Awesome tech you can’t buy yet: Luggage you can ride, cider makers, and more

At any given moment, there are approximately a zillion crowdfunding campaigns on the web. Take a stroll through Kickstarter or Indiegogo and you’ll find no shortage of weird, useless, and downright stupid projects out there — alongside some real gems. In this column, we cut through all the worthless wearables and Oculus Rift ripoffs to round up the week’s most unusual, ambitious, and exciting projects. But don’t grab your wallet just yet. Keep in mind that any crowdfunded project can fail — even the most well-intentioned. Do your homework before cutting a check for the gadget of your dreams.

RoVa4D — Full-color CYMK 3D printer

3D printers can print in just about every material imaginable these days — but when it comes to colors, your choices are still somewhat limited. Sure, there’s a practically endless number of individual filament colors to choose from, but unfortunately, most printers can only handle one or two filament types at a time. If you want to make something multicolored, you’re pretty much out of luck — until now, that is. Thanks to a company by the name of ORD Solutions, there’s finally a FDM printer that can print an entire rainbow in one go.

The RoVa4D, as it’s called, works by extruding separate cyan, magenta, yellow, black, and white filaments into a single hot end, where they’re blended together and deposited from a single nozzle. This works just like the inkjet printer you have at home, except that in this case you also need white filament, since we aren’t printing on paper. The combination lets you print unlimited colors in a single print.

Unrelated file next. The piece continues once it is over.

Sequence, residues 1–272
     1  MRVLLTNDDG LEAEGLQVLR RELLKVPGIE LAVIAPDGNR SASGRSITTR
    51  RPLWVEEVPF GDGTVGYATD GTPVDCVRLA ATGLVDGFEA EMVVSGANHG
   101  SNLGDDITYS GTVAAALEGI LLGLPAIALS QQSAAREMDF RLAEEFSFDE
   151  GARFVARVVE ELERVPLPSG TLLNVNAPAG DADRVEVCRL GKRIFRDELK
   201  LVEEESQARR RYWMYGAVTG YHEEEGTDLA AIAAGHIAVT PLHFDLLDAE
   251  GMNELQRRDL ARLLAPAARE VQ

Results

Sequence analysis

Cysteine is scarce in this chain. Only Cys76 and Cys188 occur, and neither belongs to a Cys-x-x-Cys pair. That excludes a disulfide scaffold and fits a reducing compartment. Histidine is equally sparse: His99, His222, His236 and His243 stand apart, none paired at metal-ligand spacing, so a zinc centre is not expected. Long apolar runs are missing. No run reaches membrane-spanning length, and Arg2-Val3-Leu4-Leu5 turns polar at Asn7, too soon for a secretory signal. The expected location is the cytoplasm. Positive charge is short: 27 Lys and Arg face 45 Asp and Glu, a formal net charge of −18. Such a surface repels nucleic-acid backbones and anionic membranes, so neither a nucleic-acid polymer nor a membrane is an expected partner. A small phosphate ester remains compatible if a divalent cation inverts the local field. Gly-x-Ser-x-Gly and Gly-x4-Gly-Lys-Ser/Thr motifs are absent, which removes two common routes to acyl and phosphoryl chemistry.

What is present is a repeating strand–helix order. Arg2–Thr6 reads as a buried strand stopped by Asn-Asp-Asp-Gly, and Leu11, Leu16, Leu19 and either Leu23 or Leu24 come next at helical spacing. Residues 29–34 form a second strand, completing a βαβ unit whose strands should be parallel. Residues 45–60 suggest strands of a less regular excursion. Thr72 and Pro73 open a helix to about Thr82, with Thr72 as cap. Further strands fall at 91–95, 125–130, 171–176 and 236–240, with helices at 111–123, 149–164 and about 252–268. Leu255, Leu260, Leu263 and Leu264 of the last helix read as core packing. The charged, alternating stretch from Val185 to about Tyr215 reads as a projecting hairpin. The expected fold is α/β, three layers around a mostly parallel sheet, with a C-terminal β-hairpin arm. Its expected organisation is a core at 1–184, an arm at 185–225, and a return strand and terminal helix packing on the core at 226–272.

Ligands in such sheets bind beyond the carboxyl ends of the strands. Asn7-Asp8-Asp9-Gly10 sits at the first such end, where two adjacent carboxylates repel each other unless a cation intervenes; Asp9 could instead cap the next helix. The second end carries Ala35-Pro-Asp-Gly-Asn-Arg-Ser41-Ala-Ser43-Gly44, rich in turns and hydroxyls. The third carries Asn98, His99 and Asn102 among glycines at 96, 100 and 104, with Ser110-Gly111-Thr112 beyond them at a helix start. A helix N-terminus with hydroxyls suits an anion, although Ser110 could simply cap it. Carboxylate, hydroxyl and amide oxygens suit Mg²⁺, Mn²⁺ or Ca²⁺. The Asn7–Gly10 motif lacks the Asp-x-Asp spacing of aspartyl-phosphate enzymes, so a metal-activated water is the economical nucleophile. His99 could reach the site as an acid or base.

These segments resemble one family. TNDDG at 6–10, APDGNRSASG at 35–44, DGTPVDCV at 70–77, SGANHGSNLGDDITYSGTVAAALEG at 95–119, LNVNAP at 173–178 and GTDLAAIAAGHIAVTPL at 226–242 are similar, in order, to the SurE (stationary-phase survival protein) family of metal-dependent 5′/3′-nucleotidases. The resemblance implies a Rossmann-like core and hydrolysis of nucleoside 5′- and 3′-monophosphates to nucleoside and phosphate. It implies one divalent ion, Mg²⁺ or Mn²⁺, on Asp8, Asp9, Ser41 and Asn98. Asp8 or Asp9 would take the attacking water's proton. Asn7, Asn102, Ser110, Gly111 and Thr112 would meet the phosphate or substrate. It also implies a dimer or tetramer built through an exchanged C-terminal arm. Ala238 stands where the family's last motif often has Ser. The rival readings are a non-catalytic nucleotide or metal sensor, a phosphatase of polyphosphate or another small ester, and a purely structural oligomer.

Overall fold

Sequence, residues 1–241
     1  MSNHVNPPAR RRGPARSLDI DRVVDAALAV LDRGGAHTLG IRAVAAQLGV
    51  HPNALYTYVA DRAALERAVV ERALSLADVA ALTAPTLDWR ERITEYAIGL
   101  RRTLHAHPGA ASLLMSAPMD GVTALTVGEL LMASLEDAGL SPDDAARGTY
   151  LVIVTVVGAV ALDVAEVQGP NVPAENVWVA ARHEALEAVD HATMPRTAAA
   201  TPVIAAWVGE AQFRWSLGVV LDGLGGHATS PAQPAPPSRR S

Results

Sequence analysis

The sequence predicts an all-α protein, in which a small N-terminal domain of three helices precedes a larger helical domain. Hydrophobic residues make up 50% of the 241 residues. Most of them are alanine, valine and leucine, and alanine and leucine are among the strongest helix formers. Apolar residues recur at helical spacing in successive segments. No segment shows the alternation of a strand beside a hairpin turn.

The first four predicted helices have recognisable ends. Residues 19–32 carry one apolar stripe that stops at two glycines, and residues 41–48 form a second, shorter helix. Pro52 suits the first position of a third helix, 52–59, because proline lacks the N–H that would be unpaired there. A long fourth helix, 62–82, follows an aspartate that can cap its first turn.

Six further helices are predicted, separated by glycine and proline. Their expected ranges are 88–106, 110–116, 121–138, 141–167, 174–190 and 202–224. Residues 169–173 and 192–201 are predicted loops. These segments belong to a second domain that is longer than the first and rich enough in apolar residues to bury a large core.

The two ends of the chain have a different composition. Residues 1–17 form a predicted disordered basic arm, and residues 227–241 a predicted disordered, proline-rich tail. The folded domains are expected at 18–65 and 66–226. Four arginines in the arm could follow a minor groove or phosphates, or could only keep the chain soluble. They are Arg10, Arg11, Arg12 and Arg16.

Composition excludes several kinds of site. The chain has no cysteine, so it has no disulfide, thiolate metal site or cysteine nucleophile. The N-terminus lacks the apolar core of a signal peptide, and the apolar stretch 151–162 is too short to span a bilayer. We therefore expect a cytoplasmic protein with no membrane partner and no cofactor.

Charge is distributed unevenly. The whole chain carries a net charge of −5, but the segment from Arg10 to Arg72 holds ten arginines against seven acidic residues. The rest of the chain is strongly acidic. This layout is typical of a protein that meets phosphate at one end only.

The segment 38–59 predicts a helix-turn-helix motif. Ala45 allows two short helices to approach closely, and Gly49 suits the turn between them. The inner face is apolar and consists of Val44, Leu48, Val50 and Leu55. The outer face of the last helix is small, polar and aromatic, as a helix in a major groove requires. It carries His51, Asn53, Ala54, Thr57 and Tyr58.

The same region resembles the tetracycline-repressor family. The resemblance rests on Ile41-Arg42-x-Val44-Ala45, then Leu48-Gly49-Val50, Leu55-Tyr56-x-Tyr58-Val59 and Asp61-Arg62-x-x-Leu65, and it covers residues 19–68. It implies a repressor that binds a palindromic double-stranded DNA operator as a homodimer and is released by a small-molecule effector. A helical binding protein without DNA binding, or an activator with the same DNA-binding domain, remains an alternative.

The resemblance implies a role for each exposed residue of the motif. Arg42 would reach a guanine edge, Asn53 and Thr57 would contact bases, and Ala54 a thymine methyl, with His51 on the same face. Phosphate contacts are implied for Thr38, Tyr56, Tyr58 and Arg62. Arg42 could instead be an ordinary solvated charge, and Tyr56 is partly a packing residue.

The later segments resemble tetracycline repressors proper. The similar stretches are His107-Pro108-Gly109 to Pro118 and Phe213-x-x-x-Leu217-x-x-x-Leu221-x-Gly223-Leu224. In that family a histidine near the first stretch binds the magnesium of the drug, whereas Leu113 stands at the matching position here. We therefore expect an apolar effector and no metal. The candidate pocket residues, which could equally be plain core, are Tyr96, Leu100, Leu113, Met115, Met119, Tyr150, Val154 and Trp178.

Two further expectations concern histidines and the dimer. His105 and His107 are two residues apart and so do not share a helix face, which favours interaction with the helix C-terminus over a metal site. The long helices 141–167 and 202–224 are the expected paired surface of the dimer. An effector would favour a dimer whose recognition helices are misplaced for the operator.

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Formula Pi – Raspberry Pi powered autonomous slot cars

A few months from now, somewhere in Cambridge, U.K., a little known company by the name of PiBorg will host the world’s first international autonomous car racing grand prix — and you and your friends can enter. See, the cars in this competition are actually toy robots designed to zip around a colorful 20-meter track. Dubbed “Formula Pi,” the cars are powered with the help of a Raspberry Pi and a bit of clever coding from programmers around the world.

In essence, the cars are like a DIY version of Anki’s AI-powered “Drive” slot car toys — but instead of coming with pre-installed, finely-tuned autonomous driving software, PiBorg leaves it up to you to do the coding. Your job, should you enter the competition, is to write the code that will help your car race around the track as quickly as possible, without colliding with other cars. When you’re ready, PiBorg will stage a series of races that will be broadcast over the internet for all to see. Pretty sweet idea, no?

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Parrot 2 — Portable smartphone-powered teleprompter

If you’ve ever tried memorizing lines for a video, you know firsthand just how much time it takes to film multiple takes, and then going back to edit out all the little screw-ups. To avoid this problem, professionals often use teleprompters, which allow the subject to look directly at the camera and simply read the prompts instead of memorizing everything beforehand. The only problem is that currently-available teleprompters are often too expensive and bulky, so filmmakers with limited budgets often turn to other methods — which result in a lack of genuine eye contact and warmth.